Hurricane Sandy isn't quite done with the eastern seaboard, unfortunately, but so far, cloud data centers seem to have weathered the storm quite well.

Chris Talbot

October 31, 2012

2 Min Read
Hurricane Sandy: How Did Cloud Data Centers Fare?

As Hurricane Sandy continues to cut a devastating swath through the eastern part of the United States and Canada, many businesses are getting a firsthand lesson in disaster unpreparedness. Plenty of data centers hosting some of the top cloud services have backup generators and physical designs that should keep the high winds and torrential rains at bay while maintaining operations.

However, as some of the emails Talkin’ Cloud has received since Monday’s story on the benefits of the cloud during the hurricane point out, maintaining access and business continuity during a major disaster isn’t as simple as storing everything in the cloud. A plan is required.

A few data centers on the East Coast were definitely affected, and several websites went offline as a result. Huffington Post, BuzzFeed and Gawker all suffered outages. We haven’t received word (yet?) of any cloud data centers going down at this point, but in some cases, data center and cloud services providers enacted plans to keep their customers up and running even under the worst case scenario.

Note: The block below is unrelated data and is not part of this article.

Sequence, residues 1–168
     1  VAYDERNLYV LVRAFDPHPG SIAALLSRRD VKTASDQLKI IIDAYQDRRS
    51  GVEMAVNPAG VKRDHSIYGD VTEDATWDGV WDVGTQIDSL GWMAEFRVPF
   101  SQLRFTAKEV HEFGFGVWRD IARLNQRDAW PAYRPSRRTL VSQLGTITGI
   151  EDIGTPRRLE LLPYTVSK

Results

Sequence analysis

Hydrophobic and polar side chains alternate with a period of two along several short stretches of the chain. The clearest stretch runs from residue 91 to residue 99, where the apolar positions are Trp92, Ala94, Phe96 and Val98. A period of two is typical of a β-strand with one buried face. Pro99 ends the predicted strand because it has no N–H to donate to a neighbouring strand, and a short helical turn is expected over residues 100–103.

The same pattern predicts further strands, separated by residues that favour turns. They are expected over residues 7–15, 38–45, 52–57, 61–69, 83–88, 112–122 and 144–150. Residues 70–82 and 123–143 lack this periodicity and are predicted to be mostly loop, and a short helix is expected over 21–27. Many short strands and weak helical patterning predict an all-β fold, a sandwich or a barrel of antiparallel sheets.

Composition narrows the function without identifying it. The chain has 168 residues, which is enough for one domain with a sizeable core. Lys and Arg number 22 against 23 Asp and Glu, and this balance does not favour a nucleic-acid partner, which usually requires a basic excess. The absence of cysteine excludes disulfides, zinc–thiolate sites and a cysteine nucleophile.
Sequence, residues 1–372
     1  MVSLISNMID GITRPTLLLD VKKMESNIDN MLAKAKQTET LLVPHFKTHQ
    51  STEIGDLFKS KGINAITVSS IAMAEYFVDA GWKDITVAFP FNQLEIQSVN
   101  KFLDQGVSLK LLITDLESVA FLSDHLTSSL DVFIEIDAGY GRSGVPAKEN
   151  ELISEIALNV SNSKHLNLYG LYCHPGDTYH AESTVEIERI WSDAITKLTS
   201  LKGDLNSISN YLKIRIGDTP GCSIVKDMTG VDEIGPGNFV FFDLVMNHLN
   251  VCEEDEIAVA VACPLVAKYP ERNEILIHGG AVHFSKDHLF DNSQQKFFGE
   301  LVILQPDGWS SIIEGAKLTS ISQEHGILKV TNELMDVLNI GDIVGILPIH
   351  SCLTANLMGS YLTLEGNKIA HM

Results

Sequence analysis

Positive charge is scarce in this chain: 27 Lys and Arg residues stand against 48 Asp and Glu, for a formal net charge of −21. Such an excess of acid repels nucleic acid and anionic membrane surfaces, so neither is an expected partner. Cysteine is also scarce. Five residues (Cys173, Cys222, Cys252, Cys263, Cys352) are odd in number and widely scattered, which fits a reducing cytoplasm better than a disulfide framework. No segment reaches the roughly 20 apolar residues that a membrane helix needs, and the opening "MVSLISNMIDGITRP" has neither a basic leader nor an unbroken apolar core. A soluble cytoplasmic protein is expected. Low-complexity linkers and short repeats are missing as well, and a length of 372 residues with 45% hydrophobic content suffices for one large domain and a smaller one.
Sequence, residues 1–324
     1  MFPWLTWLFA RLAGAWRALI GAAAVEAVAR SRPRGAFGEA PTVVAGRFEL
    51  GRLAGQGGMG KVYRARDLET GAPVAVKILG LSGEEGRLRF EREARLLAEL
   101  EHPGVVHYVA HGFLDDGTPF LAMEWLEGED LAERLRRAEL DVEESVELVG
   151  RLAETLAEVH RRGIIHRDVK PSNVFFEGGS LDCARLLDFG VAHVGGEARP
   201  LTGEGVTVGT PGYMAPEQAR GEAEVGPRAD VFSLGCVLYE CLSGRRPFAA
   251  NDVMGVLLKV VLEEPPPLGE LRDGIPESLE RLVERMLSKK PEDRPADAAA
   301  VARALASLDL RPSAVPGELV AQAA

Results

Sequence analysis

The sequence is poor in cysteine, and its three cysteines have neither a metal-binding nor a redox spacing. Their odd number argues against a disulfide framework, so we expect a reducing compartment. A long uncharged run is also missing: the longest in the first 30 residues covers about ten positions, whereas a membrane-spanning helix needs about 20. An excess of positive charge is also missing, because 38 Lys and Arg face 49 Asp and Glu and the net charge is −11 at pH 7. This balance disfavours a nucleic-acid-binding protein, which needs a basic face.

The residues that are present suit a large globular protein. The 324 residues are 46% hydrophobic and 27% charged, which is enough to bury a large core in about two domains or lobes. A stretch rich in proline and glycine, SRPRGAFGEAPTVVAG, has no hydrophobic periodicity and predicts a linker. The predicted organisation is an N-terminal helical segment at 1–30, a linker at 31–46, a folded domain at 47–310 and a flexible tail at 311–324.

Cloud storage provider Nirvanix, for instance, announced on Monday it was moving customer data out of its New Jersey-based Node 4 data center to another cloud data center location within its network to ensure uptime. Nirvanix provided this service at no cost to its customers. As for Node 4, the last report was it was still operational even as New Jersey streets turned into rivers.

Jacques Greyling at Rackspace (NYSE: RAX) wrote on the company’s blog on Tuesday that its Virginia and San Antonio, Texas, staff members were busy taking preventative actions to keep data centers in the path of Sandy up and running.

“We realize that there are always things that can go wrong (in good weather and bad). But we’re working hard behind the scenes — and drawing on our 14 years of experience — to take preventative action to avoid service disruptions. While we don’t expect any issues, when things do go wrong, we strive to be as responsive and transparent as possible,” Greyling wrote.

He noted Rackspace’s IAD1 in Herndon and IAD2 in Ashburn, Va., data centers were the most likely ones to be affected by the hurricane. So far, there has been no report of an outage, but even if Rackspace’s data centers do lose power, Greyling wrote that they each have 60 hours worth of generator fuel to maintain uptime.

Greyling also noted that 2011’s Hurricane Irene had no impact on either data center.

Although the effects of Hurricane Sandy are still being felt and the northern parts of the United States and Canada are only now experiencing its force, cloud data centers so far have weathered the storm.

Read more about:

Free Newsletters for the Channel
Register for Your Free Newsletter Now

You May Also Like